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Polymer Composites as Protective Materials 319 The epoxy resins are formed by the reaction of epichIorohydrin with a hydroxyI-containing compound, such as bisphenoT A, and then cured to a thermoses material with anhydride or amine curing agents. They have somewhat better thermal properties than the polyesters end: are generally more resistant to corrosion, except in the presence of strong oxidizing agents. Once again, however, the specific properties are highly dependent on the monomer fo~ulation. The epoxy chain can be ar- omatic-based (starting with bispheno} Al or cycloaliphatic or aliphatic (starting. with glycerol!. These prepolymers can be cured with long- chain or short-chain amines or a variety of acid or anhydride catalysts. Other commercially available formulations are simply too numerous to mention. It is possible to formulate epoxies with softening points ranging from 50 C to 200 C, with water;solubilities ranging from less than 0.1 percent to more than 5 percent, with gas-transmission rates varying by orders of magnitude, and with mechanical properties rang- ing from high ductility and impact resistance to extreme brittleness. Water and gas permeability depend on both the solubility and the _ diffusivity of the penetrant in. the polymer matenat. Corn ot. anise properties can be varied over wide ranges by choosing the prepolymer components appropriately. Tables 2 and 3 give some idea of the range of gas and water vapor transmission rates possible with different types of polymer films. In any particular application..these properties would have to be measured for the compounds being considered as treating agents. Epoxy formulations, for example, could be highly aromatic or highly aliphatic and have properties at either end of the spectrum illustrated by Tables 2 and 3. CONSOLIDATION OF STONE USING MONOMERS AND PREPOLYMERS An increasingly popular method of protecting and strengthening the surface of a stone structure is to impregnate the surface with an organic monomer or prepolymer and then to polymerize the material in the. surface pores of the stone. If this is done properly, the monomer wiB coat deeply the internal surface pores, adhere to them, and then po- lymerize into a tough polymer film~with low permeability to~water and corrosive gases. Many polymers have been tried, including epoxies, silicones, fluorocarbons and poly~methy} methacrylatel. The. consoli- dated surface is a composite structure the properties of which depend on the constituent phases as well as Ol1 the adhesion between the two phases.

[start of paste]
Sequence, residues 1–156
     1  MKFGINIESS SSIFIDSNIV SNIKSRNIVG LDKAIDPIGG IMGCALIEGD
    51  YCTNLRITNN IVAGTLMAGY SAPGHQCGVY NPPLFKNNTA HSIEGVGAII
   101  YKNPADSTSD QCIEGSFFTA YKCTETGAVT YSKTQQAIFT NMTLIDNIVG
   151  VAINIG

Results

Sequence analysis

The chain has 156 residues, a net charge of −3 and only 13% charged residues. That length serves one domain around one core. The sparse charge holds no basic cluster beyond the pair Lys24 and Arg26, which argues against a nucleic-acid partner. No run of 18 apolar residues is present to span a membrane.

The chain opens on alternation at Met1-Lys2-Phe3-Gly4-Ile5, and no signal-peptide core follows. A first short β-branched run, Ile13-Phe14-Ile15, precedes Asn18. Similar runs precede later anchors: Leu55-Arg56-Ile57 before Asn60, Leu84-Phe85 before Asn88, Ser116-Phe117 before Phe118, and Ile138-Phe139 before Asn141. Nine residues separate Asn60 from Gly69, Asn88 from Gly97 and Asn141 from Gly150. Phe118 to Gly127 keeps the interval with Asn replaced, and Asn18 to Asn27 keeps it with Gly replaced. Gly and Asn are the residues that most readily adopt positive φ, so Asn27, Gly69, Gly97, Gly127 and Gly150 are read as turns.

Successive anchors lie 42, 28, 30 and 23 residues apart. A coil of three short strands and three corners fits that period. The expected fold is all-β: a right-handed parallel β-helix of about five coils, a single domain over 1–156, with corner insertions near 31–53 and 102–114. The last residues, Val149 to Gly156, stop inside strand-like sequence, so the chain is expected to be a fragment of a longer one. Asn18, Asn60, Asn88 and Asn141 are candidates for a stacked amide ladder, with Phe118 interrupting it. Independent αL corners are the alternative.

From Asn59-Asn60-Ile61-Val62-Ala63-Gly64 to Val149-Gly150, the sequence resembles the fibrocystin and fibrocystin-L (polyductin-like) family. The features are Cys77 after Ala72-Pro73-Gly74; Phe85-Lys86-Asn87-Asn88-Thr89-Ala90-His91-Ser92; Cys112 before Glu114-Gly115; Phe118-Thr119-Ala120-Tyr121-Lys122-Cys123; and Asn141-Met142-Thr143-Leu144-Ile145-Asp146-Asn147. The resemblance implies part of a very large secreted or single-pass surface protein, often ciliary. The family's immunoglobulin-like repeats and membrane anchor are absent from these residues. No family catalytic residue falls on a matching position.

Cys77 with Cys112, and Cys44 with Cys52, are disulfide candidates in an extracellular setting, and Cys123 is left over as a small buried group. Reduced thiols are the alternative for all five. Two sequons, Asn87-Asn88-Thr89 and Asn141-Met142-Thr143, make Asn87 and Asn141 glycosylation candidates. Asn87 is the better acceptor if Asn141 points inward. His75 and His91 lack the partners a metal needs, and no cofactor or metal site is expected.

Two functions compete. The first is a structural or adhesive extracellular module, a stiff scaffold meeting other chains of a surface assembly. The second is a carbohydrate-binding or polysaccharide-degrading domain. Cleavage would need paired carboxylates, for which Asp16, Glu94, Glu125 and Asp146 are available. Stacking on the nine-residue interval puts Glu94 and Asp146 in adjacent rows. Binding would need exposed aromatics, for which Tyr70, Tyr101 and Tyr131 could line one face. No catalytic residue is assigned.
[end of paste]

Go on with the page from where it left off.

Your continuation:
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320 CONSERVATION OF HISTORIC STONE BUILDINGS The first step of the impregnation process requires that the monomer penetrate the stone pores. As previously expressed by equation 1, the depth of penetration is a function of contact angle, surface tension, viscosity, pore size, and time. Very often, some of the properties de- sirable in the consolidated structure cause difficulties in the processing. For example, a silicone might be desirable because of its water resist- ance, while that very characteristic may mean it is relatively non- wetting (high contact angle d. Thus, it may be difficult to make a silicone penetrate the surface pores, which would~ result in shadow impreg- nation, clogging of pores, and a surface fiLn that could be subject to peeling. Some of the most satisfactory epoxy prepolymers also have very high viscosities, which decrease the depth of penetration. Under certain conditions it might be necessary to dilute the epoxy with either a reactive or nonreactive solvent to permit penetration. Upon curing, however, the presence of a solvent wiD result in greater shrinkage, leading to higher internal stresses and, perhaps, cracking of both the polymer coating and the stone. Thermoplastic materials, such as poly~methy] methacrylateJ, have a combination of good wetting char- acteristics, mechanical strength, and impermeability and can be ap- plied in a low-viscosity monomeric form. Upon long-term exposure to wet, polluted air, and under the internal stresses created at the pore surfaces, however, there can be a tendency for the polymeric coating to craze, thus resulting in loss of protection. The above-mentioned rlifficulties should not discourage the use of polymers in stone consolidation. It is possible to choose a resin with proper characteristics for both processing and long-term stability. The environmental stability, so strongly dependent on the permeability characteristics, is determined by choosing the proper resin for the known environmental conditions. When choosing a material for consolidation, one should seek expert advice. Also, regardless of the degree of expertise, one should elect to obtain and analyze accelerated test data on the composite system. The improper choice of consolidation matenals can lead to a bigger problem than was there onginally. Our historic structures are too important for us to make hasty decisions on the means of saving them. BIBLIO GRAPHY Anonymous. Chemistry arid Physics of Interfaces, Americal Chemical Society: Wash- ington, D.C., 1965. DePuy, G.W., L.E. Kukacka, A. Aushem, W.C. Cowan, P. Colombo, W.T. Lockman, A.J. Romano, W. G. Smoak, M. Steinberg, F.E. Causey. Concrete-Polymer Materials, Fifth Topical Report, BNL 50390 and USER REC-ERC-73-12, 1973.

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Polymer Composites as Protective Materials Gauri, K. Lal. The preservation of stone. Scientific American, June 1978. Manson, J.A., and L.H. Sperling. Polymer Blends and Composites, pp. 335 371 in Filled Porous Systems. Plenum Press: New York, 1976. Sternman, S., and J.G. Marsden. Bonding Organic Polymers to Glass by Silane Coupling Agents. 1h Fundamental Aspects of Fiber Reinforced Plastic Composites, R.T. Schwartz and H.S. Schwartz, eds. Interscience: New York, 1968. 321